Dynamic Templates

Note: If you skipped ahead to this section, click here to download a zip of the tutorial at this point.

Now it's time to make the web page dynamic — with Angular 2.

This step will still be focusing on client side Angular tools. The next one will show you how to get the full stack power of Meteor.

Data in the View

In Angular, the view is a projection of the model through the HTML template. This means that whenever the model changes, Angular refreshes the appropriate binding points, which updates the view.

Let's change our template to be dynamic:

3.1 Add dynamic html to the App component client/imports/app/app.component.html
1
2
3
4
5
6
7
8
9
<div>
  <ul>
    <li *ngFor="let party of parties">
      {{party.name}}
      <p>{{party.description}}</p>
      <p>{{party.location}}</p>
    </li>
  </ul>
</div>

We replaced the hard-coded party list with the NgFor directive and two Angular expressions:

  • The *ngFor="let party of parties" attribute in the li tag is an Angular repeater directive. The repeater tells Angular to create a li element for each party in the list using the li tag as the template.
  • The expressions wrapped in the double curly braces ( \{{party.name}} and \{{party.description}} ) will be replaced by the value of the expressions.

Angular 2 has common directives that provide additional functionality to HTML. These include ngFor, ngIf, ngClass, form directives (which will be heavily used on the 4th step) and more found in the @angular/common package. Those common directives are globally available in every component template so you don't need to import them manually into the component's view, in comparison to a custom directive or routing directives.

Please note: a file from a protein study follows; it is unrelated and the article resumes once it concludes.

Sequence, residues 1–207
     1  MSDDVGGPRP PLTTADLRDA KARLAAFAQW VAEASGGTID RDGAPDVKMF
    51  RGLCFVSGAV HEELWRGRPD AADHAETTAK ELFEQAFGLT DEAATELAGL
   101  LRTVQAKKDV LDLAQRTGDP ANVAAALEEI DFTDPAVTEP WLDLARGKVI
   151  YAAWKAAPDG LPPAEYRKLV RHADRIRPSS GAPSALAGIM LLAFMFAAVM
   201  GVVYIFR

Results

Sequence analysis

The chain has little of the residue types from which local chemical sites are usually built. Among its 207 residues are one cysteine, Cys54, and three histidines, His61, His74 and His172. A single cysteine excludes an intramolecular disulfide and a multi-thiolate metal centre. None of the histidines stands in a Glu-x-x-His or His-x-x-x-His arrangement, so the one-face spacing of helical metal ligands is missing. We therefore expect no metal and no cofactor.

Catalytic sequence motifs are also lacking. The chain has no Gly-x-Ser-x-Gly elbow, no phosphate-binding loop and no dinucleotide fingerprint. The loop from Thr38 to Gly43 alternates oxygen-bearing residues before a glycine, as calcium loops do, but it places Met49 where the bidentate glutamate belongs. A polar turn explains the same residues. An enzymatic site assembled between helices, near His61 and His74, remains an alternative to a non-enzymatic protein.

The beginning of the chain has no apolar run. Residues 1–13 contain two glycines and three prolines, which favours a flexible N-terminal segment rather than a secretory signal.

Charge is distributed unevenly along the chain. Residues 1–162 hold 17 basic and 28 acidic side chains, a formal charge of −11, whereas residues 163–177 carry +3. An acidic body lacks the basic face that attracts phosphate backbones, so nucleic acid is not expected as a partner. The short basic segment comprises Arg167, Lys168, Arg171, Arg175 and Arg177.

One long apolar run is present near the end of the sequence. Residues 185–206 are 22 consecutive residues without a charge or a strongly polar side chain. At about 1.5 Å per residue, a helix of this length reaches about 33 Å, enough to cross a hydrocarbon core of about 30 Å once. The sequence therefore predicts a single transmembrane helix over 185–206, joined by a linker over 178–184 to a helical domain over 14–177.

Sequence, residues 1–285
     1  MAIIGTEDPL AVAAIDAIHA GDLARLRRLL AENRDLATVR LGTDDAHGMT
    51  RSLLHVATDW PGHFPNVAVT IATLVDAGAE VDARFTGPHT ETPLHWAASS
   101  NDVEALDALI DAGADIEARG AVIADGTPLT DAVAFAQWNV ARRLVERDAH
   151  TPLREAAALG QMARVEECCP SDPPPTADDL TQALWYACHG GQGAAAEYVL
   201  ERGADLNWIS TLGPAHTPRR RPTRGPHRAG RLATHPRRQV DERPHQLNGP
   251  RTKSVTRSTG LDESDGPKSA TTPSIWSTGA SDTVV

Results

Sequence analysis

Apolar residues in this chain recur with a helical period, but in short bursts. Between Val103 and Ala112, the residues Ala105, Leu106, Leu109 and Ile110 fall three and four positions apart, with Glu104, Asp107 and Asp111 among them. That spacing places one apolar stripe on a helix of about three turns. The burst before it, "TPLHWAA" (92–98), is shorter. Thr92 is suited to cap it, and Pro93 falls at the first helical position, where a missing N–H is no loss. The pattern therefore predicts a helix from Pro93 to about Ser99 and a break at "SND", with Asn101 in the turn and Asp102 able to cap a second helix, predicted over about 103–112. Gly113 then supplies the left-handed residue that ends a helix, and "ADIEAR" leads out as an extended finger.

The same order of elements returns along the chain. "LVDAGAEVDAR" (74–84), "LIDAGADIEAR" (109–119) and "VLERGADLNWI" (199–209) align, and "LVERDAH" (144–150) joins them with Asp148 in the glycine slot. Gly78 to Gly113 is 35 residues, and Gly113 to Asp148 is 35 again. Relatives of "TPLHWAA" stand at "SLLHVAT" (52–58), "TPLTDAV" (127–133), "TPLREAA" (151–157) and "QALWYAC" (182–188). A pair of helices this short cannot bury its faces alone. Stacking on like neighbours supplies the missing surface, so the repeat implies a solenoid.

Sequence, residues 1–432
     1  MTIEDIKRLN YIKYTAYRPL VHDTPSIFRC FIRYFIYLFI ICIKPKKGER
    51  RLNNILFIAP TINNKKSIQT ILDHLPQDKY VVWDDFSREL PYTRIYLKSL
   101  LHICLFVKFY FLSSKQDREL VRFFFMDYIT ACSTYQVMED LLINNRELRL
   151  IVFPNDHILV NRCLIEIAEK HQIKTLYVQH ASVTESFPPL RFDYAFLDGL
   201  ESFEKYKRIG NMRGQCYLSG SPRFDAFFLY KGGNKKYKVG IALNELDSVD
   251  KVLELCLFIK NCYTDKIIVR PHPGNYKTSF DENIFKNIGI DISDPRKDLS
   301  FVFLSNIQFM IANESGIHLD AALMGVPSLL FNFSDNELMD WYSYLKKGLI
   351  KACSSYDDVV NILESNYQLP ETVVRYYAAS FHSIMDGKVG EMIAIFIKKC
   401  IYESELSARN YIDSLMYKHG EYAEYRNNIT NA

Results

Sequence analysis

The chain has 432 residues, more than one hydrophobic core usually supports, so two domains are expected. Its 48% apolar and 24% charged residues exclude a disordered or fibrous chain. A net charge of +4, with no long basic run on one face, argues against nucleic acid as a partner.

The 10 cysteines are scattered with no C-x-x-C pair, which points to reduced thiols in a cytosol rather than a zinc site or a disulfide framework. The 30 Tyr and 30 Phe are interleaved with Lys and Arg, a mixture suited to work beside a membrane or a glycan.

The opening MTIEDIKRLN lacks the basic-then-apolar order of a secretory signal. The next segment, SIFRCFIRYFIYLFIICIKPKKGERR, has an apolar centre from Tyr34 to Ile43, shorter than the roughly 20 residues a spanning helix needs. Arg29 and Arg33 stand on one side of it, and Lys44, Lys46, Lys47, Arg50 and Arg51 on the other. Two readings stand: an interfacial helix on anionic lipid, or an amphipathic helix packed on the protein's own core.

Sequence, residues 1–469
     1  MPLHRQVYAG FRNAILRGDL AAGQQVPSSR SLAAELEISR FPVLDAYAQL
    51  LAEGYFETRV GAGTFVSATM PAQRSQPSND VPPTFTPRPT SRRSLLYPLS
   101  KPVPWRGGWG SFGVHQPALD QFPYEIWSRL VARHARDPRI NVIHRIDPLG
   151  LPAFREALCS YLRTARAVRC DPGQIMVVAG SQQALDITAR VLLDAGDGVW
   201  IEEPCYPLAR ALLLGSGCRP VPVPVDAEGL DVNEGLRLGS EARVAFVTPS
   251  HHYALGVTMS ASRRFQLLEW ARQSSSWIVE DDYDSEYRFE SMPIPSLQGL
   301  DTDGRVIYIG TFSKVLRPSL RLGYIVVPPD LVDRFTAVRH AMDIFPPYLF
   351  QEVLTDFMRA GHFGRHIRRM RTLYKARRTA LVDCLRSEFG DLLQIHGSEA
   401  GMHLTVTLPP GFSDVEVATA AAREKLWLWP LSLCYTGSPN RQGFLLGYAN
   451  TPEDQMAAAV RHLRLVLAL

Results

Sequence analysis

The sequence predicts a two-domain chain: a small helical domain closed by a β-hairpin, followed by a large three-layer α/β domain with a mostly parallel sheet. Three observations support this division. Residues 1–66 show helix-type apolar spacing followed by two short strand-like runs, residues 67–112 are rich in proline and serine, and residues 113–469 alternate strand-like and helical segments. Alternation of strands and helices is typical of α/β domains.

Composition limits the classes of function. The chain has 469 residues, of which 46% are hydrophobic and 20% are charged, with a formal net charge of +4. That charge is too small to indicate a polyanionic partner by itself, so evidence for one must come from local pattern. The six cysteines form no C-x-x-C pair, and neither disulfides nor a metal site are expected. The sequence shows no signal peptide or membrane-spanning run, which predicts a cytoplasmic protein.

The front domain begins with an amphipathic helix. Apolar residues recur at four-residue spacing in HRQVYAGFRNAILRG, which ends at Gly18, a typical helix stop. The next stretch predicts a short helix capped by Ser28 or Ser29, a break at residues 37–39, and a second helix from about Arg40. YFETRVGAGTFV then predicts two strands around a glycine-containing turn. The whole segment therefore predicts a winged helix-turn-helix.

Component data

Now we are going to create our initial data model and render it in the view. This code will go inside of our AppComponent class constructor. A constructor is a function that runs when a class is loaded, thus it loads the initial data for the class.

We can attach data with the context this, referring to the AppComponent class:

3.2 Load parties data into app client/imports/app/app.component.ts
6
7
8
9
10
11
12
13
14
15
16
17
18
19
20
21
22
23
24
25
26
27
28
  selector: 'app',
  template
})
export class AppComponent {
  parties: any[];
 
  constructor() {
    this.parties = [
      {'name': 'Dubstep-Free Zone',
        'description': 'Can we please just for an evening not listen to dubstep.',
        'location': 'Palo Alto'
      },
      {'name': 'All dubstep all the time',
        'description': 'Get it on!',
        'location': 'Palo Alto'
      },
      {'name': 'Savage lounging',
        'description': 'Leisure suit required. And only fiercest manners.',
        'location': 'San Francisco'
      }
    ];
  }
}

Run the app again.

$ meteor

You'll see the data model, parties, is now instantiated within the AppComponent component.

As you probably noticed, we defined parties with a any[]. Little disclaimer. That's a TypeScript specific thing and it's called Type.

What parties: any[] means? It tells to your IDE and TypeScript compiler that parties property is an array of any value. It could be an Object, Number etc.

In one of next chapters we will explain to you a lot more about Types.

Without this your IDE or console would say something like:

client/app.ts (13, 8): Property 'parties' does not exist on type 'AppComponent'.

Although we haven't done much, we connected the dots between the presentation, the data, and the business logic.

Summary

You now have a dynamic app that features a full component.

But, this is still all client side — which is nice for tutorials, but in a real application we need to persist the data on the server and sync all the clients with it.

So, let's go to step 3 to learn how to bind our application to the great power of Meteor.